The Academic Skills website has information to assist you with your writing and assessments. The website includes information about Academic Integrity including referencing requirements for different disciplines. There is also information on Plagiarism and different ways to use source material.

Returning Assignments

Assignments will be returned via Turnitin during semester, or after semester, available from the convener.

Extensions and Penalties

Extensions and late submission of assessment pieces are covered by the Student Assessment (Coursework) Policy and Procedure. Extensions may be granted for assessment pieces that are not examinations or take-home examinations. If you need an extension, you must request an extension in writing on or before the due date. If you have documented and appropriate medical evidence that demonstrates you were not able to request an extension on or before the due date, you may be able to request it after the due date.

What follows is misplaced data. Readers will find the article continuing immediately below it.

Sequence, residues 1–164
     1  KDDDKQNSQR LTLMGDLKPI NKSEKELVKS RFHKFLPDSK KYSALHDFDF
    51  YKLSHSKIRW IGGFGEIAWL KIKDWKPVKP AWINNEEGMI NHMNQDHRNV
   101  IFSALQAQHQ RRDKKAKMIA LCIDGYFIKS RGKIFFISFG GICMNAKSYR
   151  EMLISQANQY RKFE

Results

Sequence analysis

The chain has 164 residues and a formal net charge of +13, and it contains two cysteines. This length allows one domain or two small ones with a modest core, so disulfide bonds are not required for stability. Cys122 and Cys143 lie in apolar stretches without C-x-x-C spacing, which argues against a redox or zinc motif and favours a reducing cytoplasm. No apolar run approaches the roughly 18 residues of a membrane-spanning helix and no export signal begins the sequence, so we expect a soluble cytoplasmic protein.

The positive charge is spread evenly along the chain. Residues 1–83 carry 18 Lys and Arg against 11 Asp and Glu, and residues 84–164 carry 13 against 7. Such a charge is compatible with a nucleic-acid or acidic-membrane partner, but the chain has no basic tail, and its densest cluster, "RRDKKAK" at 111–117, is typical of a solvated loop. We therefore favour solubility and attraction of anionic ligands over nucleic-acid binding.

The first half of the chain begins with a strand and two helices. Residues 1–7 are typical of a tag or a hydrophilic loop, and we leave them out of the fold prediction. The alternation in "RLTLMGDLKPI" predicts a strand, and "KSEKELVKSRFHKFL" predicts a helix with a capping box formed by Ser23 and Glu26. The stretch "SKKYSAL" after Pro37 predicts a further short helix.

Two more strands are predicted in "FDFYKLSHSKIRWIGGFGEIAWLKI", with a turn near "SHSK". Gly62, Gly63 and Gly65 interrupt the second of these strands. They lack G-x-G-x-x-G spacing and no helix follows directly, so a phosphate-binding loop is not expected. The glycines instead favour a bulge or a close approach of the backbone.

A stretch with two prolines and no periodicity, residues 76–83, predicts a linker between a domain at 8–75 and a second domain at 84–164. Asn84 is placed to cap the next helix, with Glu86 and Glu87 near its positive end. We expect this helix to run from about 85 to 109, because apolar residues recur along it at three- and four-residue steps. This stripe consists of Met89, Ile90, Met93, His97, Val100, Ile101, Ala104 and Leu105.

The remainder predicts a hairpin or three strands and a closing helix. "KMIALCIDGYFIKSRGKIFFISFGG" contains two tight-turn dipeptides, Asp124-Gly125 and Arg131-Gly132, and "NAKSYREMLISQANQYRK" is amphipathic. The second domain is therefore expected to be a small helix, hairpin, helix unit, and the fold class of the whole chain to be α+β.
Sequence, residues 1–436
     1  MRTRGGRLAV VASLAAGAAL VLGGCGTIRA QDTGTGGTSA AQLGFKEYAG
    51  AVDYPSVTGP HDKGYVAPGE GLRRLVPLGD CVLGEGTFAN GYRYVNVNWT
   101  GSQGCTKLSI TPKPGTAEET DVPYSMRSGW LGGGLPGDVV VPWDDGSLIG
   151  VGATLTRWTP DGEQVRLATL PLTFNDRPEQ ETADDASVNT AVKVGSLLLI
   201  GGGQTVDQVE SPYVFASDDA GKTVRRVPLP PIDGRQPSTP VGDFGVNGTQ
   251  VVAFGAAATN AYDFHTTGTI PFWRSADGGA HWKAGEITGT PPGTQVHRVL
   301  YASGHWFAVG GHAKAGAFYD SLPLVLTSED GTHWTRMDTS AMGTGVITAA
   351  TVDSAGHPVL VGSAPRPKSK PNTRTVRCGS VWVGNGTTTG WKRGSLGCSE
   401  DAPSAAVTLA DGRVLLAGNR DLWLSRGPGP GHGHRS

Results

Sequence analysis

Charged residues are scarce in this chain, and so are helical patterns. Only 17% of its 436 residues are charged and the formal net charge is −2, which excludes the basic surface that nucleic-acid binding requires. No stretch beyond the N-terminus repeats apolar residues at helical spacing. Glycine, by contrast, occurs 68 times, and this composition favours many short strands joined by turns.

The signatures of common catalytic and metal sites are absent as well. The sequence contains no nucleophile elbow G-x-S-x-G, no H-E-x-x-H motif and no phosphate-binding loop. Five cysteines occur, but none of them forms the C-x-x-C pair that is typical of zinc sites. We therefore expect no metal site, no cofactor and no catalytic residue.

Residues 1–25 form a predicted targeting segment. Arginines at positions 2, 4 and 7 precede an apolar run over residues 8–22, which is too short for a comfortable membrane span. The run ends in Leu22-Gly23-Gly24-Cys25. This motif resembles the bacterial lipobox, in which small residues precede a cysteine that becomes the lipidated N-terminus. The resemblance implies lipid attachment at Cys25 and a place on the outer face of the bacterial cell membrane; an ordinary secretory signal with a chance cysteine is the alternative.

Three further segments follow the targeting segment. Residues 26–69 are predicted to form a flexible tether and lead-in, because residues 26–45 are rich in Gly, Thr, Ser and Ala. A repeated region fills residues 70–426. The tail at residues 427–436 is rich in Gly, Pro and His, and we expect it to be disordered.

Resubmission of Assignments


Privacy Notice

The ANU has made a number of third party, online, databases available for students to use. Use of each online database is conditional on student end users first agreeing to the database licensor’s terms of service and/or privacy policy. Students should read these carefully. In some cases student end users will be required to register an account with the database licensor and submit personal information, including their: first name; last name; ANU email address; and other information.